Theft of Operational Information
|Theft of Operational Information|
Adversaries may steal operational information on a production environment as a direct mission outcome for personal gain or to inform future operations. This information may include design documents, schedules, rotational data, or similar artifacts that provide insight on operations.
- ACAD/Medre.A can collect AutoCad files with drawings. These drawings may contain operational information.
- Duqu’s purpose is to "gather intelligence data and assets from entities such as industrial infrastructure and system manufacturers, amongst others not in the industrial sector, in order to more easily conduct a future attack against another third party."3
- Flame can collect AutoCAD design data and visio diagrams as well as other documents that may contain operational information.4
- Operational Information Confidentiality - Example mitigations could include minimizing its distribution/storage or obfuscating the information (e.g., facility coverterms, codenames). In many cases this information may be necessary to support critical engineering, maintenance, or operational functions, therefore, it may not be feasible to implement.
- Data Loss Prevention - Apply DLP to protect the confidentiality of information related to operational processes, facility locations, device configurations, programs, or databases that may have information that can be used to infer organizational trade-secrets, recipes, and other intellectual property (IP).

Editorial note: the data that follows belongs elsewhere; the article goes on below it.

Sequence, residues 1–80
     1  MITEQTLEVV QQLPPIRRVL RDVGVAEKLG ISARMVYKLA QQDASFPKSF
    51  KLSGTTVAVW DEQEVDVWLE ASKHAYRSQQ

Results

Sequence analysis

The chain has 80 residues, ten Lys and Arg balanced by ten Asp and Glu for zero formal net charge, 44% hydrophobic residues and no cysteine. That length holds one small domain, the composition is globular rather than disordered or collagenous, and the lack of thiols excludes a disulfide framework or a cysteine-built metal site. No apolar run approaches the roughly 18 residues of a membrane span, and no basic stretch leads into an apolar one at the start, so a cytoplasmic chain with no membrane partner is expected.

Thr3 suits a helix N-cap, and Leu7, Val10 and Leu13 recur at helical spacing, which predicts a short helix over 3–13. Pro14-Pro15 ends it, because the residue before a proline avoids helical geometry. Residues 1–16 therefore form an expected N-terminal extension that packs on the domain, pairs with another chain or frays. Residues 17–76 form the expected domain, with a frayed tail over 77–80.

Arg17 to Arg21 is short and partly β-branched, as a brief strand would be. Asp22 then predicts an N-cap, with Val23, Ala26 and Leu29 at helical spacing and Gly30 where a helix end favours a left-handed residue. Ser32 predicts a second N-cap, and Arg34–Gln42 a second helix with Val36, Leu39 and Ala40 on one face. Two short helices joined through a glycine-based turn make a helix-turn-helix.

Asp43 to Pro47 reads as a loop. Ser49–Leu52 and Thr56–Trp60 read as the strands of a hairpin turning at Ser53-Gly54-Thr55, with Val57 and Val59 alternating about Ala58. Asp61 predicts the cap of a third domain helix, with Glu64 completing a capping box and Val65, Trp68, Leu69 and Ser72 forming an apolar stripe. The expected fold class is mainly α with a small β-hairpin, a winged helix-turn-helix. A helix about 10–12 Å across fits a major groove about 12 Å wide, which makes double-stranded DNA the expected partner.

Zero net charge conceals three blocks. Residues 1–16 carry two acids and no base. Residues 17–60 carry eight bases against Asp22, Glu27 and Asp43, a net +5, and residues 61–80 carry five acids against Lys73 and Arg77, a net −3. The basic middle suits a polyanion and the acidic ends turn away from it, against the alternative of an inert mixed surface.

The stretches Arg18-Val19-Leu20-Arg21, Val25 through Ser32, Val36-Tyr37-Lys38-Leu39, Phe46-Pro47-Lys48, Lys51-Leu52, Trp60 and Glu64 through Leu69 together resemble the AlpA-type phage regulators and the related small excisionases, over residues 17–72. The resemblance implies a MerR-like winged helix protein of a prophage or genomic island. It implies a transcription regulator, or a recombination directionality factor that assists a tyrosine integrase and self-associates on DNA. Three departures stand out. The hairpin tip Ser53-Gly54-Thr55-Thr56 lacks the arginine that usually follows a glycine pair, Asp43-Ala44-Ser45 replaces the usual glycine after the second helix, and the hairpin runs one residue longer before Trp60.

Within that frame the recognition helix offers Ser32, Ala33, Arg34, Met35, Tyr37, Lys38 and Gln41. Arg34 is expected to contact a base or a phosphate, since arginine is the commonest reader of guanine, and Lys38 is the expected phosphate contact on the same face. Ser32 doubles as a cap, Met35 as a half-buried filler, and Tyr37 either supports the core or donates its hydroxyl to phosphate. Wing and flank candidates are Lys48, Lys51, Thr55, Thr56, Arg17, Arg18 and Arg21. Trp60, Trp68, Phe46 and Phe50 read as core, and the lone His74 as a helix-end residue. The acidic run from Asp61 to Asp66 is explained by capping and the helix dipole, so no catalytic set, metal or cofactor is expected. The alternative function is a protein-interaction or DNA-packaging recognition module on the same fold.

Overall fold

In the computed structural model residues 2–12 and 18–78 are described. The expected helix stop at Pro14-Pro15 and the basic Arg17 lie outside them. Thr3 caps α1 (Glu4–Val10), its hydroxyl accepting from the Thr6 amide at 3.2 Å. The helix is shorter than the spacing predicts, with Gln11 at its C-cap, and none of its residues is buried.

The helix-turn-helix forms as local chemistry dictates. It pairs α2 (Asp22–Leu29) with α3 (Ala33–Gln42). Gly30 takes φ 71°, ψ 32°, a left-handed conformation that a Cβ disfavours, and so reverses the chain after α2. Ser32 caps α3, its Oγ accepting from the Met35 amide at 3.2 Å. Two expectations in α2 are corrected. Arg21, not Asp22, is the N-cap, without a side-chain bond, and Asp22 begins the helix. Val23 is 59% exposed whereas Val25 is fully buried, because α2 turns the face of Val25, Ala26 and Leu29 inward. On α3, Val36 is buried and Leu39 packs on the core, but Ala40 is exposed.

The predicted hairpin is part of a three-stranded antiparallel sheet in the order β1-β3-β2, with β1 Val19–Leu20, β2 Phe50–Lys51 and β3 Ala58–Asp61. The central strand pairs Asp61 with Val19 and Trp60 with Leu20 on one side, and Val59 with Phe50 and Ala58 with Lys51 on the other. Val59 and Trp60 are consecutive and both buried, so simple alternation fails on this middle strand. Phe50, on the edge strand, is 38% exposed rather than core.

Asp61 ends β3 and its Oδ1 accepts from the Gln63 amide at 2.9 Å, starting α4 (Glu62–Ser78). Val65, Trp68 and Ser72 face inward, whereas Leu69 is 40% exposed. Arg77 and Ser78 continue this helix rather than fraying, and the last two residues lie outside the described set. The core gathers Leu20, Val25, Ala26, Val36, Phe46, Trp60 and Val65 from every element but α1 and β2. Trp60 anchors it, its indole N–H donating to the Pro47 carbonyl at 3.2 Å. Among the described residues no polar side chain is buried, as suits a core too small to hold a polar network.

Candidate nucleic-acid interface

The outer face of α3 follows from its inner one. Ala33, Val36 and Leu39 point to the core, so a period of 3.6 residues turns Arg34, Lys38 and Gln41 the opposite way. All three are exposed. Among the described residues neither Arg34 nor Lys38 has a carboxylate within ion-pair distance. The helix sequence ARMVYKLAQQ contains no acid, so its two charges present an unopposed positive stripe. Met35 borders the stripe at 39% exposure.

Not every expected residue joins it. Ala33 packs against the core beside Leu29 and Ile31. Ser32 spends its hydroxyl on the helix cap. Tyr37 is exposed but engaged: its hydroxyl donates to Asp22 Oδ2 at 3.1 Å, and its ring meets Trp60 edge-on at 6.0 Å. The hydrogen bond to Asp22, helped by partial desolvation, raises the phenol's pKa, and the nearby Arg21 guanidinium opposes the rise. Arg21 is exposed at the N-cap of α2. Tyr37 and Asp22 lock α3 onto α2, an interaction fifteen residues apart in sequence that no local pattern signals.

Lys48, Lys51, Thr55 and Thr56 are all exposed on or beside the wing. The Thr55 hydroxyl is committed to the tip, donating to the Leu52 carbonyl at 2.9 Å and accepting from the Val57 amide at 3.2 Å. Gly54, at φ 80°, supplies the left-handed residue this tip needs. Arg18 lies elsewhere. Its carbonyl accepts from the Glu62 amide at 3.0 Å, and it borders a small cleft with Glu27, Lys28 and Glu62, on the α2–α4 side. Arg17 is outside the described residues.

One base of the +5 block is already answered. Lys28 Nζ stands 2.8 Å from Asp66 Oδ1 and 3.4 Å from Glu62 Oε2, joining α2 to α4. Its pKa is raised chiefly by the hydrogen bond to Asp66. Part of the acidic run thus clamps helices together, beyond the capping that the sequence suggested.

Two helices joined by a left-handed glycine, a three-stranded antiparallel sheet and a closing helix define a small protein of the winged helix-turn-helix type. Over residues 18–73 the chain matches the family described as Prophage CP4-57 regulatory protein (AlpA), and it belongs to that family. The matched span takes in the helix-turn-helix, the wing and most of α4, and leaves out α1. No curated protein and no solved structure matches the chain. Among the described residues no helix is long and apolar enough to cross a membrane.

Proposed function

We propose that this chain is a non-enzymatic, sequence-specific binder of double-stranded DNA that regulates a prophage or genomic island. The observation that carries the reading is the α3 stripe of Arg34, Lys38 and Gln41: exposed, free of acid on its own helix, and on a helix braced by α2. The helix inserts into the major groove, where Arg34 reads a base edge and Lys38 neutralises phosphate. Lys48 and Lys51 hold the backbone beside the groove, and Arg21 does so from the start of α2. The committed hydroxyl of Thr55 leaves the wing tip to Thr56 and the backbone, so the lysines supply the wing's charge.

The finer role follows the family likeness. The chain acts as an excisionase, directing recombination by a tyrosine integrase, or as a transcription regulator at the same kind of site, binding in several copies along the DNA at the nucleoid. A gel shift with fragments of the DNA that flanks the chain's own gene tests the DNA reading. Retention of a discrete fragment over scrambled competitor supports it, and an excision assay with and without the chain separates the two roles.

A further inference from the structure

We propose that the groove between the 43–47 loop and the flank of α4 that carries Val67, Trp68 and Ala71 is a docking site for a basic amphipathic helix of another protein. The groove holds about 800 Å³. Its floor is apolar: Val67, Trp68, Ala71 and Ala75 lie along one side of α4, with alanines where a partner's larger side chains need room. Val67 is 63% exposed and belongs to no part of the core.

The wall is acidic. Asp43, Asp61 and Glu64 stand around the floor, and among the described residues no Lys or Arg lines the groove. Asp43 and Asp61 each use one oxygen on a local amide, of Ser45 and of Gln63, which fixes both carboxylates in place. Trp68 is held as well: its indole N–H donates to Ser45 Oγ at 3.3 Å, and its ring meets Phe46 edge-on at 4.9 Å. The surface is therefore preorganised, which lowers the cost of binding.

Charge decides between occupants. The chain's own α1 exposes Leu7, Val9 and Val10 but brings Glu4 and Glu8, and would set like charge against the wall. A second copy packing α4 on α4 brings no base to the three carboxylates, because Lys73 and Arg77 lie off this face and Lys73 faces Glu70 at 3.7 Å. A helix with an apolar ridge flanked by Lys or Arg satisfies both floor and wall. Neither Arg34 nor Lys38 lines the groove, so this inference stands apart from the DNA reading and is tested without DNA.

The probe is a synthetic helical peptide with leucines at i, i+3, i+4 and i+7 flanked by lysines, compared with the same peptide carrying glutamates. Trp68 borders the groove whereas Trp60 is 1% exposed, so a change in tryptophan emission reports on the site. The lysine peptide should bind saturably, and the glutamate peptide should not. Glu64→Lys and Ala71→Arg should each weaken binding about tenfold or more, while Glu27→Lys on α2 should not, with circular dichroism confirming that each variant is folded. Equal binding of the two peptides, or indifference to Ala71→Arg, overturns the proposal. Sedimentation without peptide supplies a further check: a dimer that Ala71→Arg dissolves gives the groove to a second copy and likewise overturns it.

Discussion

- Encrypt Sensitive Information - Encrypt any operational data with strong confidentiality requirements, including organizational trade-secrets, recipes, and other intellectual property (IP).
- Restrict File and Directory Permissions - Protect files stored locally with proper permissions to limit opportunities for adversaries to interact and collect information from databases.56
- Mark Thompson. (2016, March 24). Iranian Cyber Attack on New York Dam Shows Future of War. Retrieved November 7, 2019.
- Danny Yadron. (2015, December 20). Iranian Hackers Infiltrated New York Dam in 2013. Retrieved November 7, 2019.
- Symantec. (n.d.). W32.Duqu The precursor to the next Stuxnet. Retrieved November 3, 2019.
- Kevin Savage and Branko Spasojevic. (n.d.). W32.Flamer. Retrieved November 3, 2019.
- Keith Stouffer. (2015, May). Guide to Industrial Control Systems (ICS) Security. Retrieved March 28, 2018.
- National Institute of Standards and Technology. (2013, April). Security and Privacy Controls for Federal Information Systems and Organizations. Retrieved September 17, 2020.